My conversations with recruiters were completely different from the conversations I had with other undergrads and casually networking conversations. For fellow women engineer undergrads, I want to expand my network, make friends, add each other on social media, etc.

For a recruiter, I want to see if they are hiring for a position that I want, submit my resume, add them on LinkedIn, etc.

2.       Have A Goal/Objective for GHC

What do you want to get out of this convention experience? A summer internship, job, research opportunity? Having a goal will allow you to narrow down what workshops to attend, what booths to stop by, what after party's to attend, etc. Knowing what you want will help you be more efficient and deliberate in your decision making, however, it is totally okay to go with the flow (if that is what you are comfortable with).

Having an objective/goal was important for me because of 2 things:

One: Recruiters would literally ask me, “What do you want? An internship, invite to an event, etc.” Being able to tell them what you want will get you closer to having that thing.

Two: I attended Grace Hopper as a speaker for Mozilla and as an undergrad. For Friday of GHC16, my objective was to facilitate a successful open source workshop during the Hackathon for Humanity and recruiting for the Mozilla Campus Clubs initiative. For the other 2 days, my goals were different and were centered more around being an undergrad seeking a summer internship.

Women in Tech Book Signing

3.       Make Friends and Connect (sounds corny but this one is my fave!)

I made some pretty cool connections just by talking to the people next time. From arriving to the airport in Boston to leaving the Houston airport, I networked the entire time. In many occasions, it was not deliberate. Sometimes you just end up walking or sitting next to a recruiter or a group of girls that are also from Boston (yay! new Boston women engineer friends *waving hi!*). My favorite random interaction was when I asked this random woman if I could split a taxi with her to the airport, and that I would Venmo her the money. She ended up being a Venmo engineer! How ironic and super cool to Venmo someone that developed the Venmo app? I got to have a ride to the airport with her and some other Venmo engineers, talking and connecting all the way there!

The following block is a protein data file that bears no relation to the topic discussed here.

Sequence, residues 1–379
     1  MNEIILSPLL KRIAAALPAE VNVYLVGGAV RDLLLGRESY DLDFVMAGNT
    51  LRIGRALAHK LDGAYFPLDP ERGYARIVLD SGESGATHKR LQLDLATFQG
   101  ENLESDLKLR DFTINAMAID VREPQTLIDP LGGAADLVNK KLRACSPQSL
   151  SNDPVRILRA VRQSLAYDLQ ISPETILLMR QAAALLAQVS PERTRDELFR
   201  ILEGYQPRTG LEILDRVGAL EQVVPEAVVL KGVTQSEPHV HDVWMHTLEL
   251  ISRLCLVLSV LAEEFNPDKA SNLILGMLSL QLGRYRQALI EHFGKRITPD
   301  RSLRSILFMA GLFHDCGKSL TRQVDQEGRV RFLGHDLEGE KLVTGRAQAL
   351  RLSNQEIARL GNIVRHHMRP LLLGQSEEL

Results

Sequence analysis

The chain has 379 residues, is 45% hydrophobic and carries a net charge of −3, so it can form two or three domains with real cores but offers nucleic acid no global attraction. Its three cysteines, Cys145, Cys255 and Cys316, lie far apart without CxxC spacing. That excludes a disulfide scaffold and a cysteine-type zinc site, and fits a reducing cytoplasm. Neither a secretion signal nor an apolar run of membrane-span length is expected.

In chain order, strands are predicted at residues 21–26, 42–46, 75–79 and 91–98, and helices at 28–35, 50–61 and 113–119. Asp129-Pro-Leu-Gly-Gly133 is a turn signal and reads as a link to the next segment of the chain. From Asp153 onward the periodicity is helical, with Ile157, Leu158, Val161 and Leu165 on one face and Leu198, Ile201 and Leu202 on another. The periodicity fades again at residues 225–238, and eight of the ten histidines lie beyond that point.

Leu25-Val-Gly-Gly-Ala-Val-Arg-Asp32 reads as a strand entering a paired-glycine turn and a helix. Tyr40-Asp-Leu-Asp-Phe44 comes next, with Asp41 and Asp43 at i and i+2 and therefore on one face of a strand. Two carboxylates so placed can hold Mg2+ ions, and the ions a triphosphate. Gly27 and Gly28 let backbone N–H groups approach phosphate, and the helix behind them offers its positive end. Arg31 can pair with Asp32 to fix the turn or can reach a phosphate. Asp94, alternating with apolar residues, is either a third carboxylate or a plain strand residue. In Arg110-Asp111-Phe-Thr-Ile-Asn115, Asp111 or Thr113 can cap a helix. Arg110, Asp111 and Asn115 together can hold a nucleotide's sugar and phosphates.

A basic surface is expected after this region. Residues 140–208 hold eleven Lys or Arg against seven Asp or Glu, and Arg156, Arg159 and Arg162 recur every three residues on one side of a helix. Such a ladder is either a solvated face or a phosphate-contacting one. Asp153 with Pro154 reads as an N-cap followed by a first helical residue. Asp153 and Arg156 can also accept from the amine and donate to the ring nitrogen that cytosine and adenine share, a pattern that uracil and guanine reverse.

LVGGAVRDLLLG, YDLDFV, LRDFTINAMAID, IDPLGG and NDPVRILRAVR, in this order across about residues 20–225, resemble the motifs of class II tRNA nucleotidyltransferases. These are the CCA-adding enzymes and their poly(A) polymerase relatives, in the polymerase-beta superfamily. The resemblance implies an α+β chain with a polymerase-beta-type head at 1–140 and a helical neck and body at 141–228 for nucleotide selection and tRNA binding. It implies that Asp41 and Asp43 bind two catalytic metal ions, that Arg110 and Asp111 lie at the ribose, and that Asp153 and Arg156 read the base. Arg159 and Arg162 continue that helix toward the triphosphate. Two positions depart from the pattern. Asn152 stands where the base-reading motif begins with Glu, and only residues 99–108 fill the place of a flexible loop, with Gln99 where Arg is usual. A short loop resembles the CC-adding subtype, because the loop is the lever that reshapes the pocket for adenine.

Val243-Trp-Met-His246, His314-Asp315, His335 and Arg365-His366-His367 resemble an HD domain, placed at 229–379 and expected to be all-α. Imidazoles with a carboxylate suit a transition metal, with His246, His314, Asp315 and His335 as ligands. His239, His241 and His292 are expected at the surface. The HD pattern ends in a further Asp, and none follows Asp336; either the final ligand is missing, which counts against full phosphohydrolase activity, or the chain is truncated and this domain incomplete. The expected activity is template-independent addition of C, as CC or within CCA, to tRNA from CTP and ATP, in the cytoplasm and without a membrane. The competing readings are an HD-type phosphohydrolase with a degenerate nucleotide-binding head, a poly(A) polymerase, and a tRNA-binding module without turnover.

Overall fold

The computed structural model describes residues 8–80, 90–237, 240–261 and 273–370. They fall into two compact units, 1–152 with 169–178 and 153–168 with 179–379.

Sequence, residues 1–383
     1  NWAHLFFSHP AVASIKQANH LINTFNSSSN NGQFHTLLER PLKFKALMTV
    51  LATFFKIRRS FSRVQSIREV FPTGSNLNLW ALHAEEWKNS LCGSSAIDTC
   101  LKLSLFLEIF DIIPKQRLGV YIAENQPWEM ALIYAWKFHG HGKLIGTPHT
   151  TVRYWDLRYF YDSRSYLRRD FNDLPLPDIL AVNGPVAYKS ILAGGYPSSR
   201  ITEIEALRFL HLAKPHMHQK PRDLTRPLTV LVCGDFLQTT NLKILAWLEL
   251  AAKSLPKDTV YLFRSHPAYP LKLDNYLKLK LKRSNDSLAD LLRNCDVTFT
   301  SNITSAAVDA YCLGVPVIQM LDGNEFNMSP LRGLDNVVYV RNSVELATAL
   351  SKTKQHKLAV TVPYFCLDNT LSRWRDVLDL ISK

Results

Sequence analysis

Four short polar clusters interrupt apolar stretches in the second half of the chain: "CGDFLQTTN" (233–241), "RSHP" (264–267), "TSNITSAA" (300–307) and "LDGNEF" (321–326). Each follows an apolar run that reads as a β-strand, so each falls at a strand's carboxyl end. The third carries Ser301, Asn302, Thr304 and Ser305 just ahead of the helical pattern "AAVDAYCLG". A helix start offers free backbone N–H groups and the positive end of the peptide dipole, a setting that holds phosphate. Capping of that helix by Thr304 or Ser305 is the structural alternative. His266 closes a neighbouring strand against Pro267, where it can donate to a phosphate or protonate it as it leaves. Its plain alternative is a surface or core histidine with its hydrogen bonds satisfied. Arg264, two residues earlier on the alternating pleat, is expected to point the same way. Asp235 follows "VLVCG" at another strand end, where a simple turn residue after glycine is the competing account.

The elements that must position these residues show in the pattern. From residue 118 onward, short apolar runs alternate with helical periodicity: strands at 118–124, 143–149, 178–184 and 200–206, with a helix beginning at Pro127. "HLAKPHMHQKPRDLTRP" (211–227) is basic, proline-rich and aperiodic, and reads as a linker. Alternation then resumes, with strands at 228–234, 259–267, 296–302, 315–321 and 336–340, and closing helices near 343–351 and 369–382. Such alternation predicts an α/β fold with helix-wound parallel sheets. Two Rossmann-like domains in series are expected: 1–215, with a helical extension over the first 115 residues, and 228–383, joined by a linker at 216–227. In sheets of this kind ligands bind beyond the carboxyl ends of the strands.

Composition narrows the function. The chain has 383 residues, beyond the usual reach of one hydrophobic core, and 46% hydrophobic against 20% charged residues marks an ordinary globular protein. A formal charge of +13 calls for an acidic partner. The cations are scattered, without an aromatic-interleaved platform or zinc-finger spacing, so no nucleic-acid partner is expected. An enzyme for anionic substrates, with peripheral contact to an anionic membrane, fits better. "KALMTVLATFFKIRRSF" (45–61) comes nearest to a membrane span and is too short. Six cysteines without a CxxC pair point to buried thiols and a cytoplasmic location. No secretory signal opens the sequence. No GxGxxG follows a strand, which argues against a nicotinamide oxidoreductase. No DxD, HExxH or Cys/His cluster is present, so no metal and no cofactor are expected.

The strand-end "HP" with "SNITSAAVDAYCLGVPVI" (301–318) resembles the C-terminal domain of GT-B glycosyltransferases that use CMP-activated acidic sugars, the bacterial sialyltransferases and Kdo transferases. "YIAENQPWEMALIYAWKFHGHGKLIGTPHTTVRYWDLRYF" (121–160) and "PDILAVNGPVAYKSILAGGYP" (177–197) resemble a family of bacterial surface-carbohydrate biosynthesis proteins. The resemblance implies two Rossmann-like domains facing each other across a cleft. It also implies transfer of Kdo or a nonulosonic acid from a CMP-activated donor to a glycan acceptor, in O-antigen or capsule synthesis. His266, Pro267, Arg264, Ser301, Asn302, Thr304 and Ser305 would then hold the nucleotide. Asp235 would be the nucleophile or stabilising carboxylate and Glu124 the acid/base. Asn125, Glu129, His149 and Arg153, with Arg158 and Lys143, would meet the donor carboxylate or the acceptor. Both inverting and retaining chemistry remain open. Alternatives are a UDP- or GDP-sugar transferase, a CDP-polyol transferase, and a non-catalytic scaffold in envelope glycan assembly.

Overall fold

I never know what could happen so, I try to be prepared and open to life and this has helped me tremendously.


How did I do it? Honestly, I love conventions. Which puts me at an advantage point. I love preparing for conventions, submitting my resume to companies early, and just the overall preparation and execution process I talked about in a previous blog post. However, that process usually takes 2 months’ minimum. I didn’t know that I was going to Grace Hopper till 3 weeks before so I couldn’t fully prepare for the convention, amid: midterms, traveling for interviews, and life. Which means that I had to get rid of the anxiety and just get comfortable with impromptu situations and adjusting to my environment quickly. I think that I performed extremely well at Grace Hopper being that I passed out 40 resumes, had 4 onsite interviews/4 phone interviews, and some job offers. Before getting to GHC16, I did have 1 interview already scheduled but the rest all happened at the convention.

Since this year’s convention had such an awesome outcome, I wonder what I could achieve with more prep time?

Grammarly yours, Semirah D

Grace Hopper Must Read: